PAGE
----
• One division is to break it into externally facing and internally facing
    • Another example is project focused vs practitioner support for internal groups. Governed differently, but using same technical infrastructure
  • Brings up overarching question of governance and support.
  • Communities should grow up organically, but corporations still to plan top-down taxonomy for communities.
    • Changing communities are easier than “killing” them. An existing community that has fallen quiet can be re-purposed, or subsumed into another community.
    • When change is needed, or refreshment, bring in new leadership.
    • How to kill? Do you first make it read-only, then archive, then finally delete?
    • Perhaps you can maintain a large community model, and recognize the lifecycle of
  • How to govern communities in an era where records management is becoming more of a risk to firms? Related to this: policies to protect health-related information.
  • There is a culture clash between the old model that emphasized secure exchange of information and the openness of the culture associated with social media. Irony is the rules that are casting a chill over these for a are designed to enable openness of process and content – to improve visibility.
  • Some experience with firms who have stifled community interaction, etc., in fears of being open to risk.
  • Firms who have a set governance structure, have done better. Those who have set up communities without thinking through the governance and strategy have faltered and experienced backlash.
  • Even within large firm, or same organization, the governance varies based on the targeted audience. And that is intentional, necessary
    • One approach is to establish and maintain a cross-functional governing body or steering group. Allows for many governance models, but enforces overall corporate strategy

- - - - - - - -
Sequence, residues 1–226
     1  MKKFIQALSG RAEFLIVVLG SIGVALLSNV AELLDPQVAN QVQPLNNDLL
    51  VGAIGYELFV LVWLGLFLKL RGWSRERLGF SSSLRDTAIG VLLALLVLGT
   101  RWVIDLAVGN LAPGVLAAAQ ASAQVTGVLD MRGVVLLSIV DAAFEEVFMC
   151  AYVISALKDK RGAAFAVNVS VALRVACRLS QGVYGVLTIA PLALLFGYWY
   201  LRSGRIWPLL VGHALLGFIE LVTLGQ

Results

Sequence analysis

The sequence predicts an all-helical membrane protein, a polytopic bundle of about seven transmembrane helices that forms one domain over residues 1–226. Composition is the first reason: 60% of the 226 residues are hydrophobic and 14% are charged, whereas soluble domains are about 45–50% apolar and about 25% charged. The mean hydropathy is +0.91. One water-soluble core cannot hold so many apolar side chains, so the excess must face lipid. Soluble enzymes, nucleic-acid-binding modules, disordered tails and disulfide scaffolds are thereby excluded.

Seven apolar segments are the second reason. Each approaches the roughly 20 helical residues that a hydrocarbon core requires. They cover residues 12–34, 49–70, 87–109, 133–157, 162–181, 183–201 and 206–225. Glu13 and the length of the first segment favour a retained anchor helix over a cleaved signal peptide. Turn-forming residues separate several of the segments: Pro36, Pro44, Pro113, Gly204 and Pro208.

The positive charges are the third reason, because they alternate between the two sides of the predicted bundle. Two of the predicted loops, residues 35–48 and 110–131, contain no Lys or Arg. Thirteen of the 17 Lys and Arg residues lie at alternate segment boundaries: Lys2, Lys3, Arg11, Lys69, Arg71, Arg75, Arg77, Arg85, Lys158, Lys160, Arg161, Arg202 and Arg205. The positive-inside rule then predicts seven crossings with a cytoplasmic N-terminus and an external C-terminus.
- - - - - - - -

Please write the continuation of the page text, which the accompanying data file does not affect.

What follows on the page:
• Enforces good practices as well
    • But this top-down decision model can also be seen as a problem. Better to set the environment so that a community can evolve.
  • One firm has evolved from this old model of a proprietary view of information to a more open-source approach allowing for emergent communities
  • Another firm sets up rules of the road, but allows for externally hosted solutions, and lets the community decide the platform – these are all customer facing communities. Problem here is that while the community has maximum flexibility in establishing its experience, it appears to be more expensive than a single solution that also would permit SSO, and identities across communities.
  • What do you do in a firm that is engaging in M&A? How do you “integrate” or “assimilate” the existing communities in these firms?
  • How to get to SSO, integrated search, etc.? Need to maintain this throughout the acquisition cycle?

Topic introduction by Peter Cohen from Amazon.com

Overview of Amazon’s Mechanical Turk, a reference to their “artificial artificial intelligence.” This is a software interface that simply allows humans to interact with each other. Amazon has established a market for workers who largely do pattern-matching for online information.

Data-oriented problems that uniquely benefit from human interactions of high volume. The software allows for many people to work on ‘human intelligence tasks.’ “What problems could I solve if I could get tens of thousands of people to contribute to the task?”

200,000 people have signed up and completed tasks under Mechanical Turk. Last week, they had participants from 146 countries. These are tasks that are inherently difficult or impossible for a machine to do. Use cases include:

  • Data augmentation for Amazon catalog, to get richer information for their products or de-duplicate